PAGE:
In wake of school shootings elsewhere, Mason schools working to keep everyone safe

What seems like an increase in school violence attacks may not be the case due to the media but that still hasn’t stopped schools in Mason from protecting the students. While Mason has had a few instances where precautionary measures were needed to be taken, the six schools have never had to deal with anything serious like what happened in Florida, said Superintendent of Mason Public Schools Ronald Drzewicki. Parents are always going to show concern for their children, especially at school when there are so many other students. With the schools protected, the staff is talking with the students on what to do in any situation instead of spending more money for protection. Mason Police Officer Jeremiah Budd, the school’s contact officer said, “It would be a long process to redue the security …

Special Olympics brings new opportunity to students in Mason

Students with disabilities in and around Mason are getting the chance to showcase their skills and interact with other students reaching for the same goal thanks to one of Michigan’s largest Special Olympics program. Over 3,200 athletes have joined Special Olympics Michigan Area 8, competing in 21 different sports through out the Ingham and Eaton county area which includes Mason and is one of the largest groups in Michigan with one-tenth of the 27,000 athletes, according to Anne Goudie, Special Olympics Michigan Area 8 director. Getting a chance to work with others who may possess similar disabilities and develop skills they haven’t yet discovered in themselves is a big part of the reason to why this program has been so successful. Expert in special education, Dr. Steve Imber said, “In many ways I think students with disabilities want to be accepted. Playing sports can help build self esteem …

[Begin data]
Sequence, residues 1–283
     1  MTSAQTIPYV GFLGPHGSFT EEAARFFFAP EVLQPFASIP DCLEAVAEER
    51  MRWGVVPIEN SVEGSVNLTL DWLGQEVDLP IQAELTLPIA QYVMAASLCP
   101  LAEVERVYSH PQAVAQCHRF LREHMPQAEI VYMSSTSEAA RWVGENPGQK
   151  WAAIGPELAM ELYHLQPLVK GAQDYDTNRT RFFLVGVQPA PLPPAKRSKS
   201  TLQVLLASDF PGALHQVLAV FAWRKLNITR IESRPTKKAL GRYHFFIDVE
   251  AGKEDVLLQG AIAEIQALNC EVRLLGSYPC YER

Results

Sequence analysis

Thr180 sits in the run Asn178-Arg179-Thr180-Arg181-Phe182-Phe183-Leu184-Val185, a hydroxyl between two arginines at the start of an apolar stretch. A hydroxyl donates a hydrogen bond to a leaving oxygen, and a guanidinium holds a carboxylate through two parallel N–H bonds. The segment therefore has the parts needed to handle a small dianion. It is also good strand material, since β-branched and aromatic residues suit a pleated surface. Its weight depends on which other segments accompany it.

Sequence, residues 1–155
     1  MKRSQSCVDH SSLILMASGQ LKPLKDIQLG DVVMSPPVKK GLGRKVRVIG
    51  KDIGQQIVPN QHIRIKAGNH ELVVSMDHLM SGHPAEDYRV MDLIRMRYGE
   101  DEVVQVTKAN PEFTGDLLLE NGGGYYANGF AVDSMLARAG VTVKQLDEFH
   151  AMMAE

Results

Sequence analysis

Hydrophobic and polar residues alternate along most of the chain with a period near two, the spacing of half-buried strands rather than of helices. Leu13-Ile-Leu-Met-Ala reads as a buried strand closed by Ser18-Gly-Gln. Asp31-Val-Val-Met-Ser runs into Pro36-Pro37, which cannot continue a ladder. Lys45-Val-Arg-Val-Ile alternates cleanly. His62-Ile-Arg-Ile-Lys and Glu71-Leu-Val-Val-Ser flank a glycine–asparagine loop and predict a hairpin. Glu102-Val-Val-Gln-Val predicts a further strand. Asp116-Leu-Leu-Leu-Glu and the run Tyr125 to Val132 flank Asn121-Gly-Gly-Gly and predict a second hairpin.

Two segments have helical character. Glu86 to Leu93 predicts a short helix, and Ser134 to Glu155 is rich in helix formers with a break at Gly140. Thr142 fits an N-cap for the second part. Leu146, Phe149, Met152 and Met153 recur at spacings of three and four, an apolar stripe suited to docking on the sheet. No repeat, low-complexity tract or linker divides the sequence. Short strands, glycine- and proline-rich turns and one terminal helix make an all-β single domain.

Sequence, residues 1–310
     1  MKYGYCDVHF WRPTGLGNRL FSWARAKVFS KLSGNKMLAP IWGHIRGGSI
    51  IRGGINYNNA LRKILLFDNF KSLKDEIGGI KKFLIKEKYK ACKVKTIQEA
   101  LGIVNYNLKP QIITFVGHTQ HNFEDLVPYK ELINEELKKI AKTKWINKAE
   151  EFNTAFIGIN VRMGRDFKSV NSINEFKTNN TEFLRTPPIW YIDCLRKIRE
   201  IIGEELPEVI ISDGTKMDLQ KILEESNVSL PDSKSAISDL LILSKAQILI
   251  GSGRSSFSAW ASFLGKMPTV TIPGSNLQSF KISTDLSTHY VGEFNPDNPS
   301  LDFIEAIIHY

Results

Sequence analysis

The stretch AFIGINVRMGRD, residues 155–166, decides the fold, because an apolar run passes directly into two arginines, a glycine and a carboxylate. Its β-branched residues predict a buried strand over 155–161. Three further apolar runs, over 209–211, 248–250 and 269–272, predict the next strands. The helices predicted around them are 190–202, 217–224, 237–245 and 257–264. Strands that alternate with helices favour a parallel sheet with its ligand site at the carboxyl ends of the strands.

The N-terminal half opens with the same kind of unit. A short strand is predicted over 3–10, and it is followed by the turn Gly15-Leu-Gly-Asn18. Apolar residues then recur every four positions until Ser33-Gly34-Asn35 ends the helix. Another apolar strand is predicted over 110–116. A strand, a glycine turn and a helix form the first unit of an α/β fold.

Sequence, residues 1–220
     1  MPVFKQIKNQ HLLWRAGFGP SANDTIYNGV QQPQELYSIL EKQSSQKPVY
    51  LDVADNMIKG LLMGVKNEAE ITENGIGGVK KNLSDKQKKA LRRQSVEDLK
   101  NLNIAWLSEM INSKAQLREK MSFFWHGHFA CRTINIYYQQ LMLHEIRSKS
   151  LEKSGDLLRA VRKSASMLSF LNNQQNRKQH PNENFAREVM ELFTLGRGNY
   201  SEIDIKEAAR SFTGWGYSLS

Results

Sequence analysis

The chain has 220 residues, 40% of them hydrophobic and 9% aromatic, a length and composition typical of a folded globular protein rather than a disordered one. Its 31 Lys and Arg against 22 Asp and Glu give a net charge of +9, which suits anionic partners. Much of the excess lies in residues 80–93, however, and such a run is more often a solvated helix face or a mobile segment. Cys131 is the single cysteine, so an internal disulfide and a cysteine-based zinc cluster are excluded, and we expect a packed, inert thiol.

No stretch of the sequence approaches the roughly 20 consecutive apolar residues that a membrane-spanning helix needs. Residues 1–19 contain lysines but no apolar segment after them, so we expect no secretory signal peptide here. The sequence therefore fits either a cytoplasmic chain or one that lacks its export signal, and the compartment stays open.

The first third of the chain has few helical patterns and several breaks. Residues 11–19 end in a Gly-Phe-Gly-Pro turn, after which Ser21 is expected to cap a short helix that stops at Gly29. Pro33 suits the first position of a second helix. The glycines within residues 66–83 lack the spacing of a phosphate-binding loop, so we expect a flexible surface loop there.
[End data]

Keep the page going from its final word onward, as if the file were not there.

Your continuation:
Elevated levels of copper found in water at Ingham County government facilities in Mason

After recent tests, a few Ingham County government facilities have found elevated levels of copper in the water. All of the buildings are located in Mason. The Hilliard Building, Ingham County Courthouse and Ingham County Jail all tested for elevated levels of copper in their water. But in the jail’s case, depending on the test, some were high and some were low, said Mason City Administrator Deborah Stuart. The buildings weren’t forced to test the water, but acted wisely to make sure the quality was up to par.

Remodeling bringing downtown Mason back to life

There’s a lot of historical buildings in the city of Mason, many which have been around for a long time. The city is encouraging businesses to remodel and look more presentable. As one of the older cities in the state of Michigan, Mason has done a nice job in keeping the city a place where people can go and hang out regularly. The downtown area is a major focal point that brings in a lot of traffic and the city tries to get businesses to take pride in their building. “What we’ve tried to do in the city, and this started 20-ish years ago, is encourage the building owners to take pride in the way their buildings look and to take some ownership on their part in creating the downtown square that we want to have,” said Mason Mayor Russ Whipple.

Mason war statues put history on display

As you drive through downtown Mason there’s a good chance you’ll notice the war statues that are located right outside city hall and how they only add to the historical city. The statues represent citizens of the Mason community that have served their time in past United States wars. The idea was thought of by the former post commander of the American Legion four to five years ago and took roughly a year to create, said current post commander of  Cavender Post 148 American Legion Leon Clark, who was on the Mason City Council at the time of the idea. Clark said, “I think the Legion did an excellent job with their choice. It offers inside history and is very educational …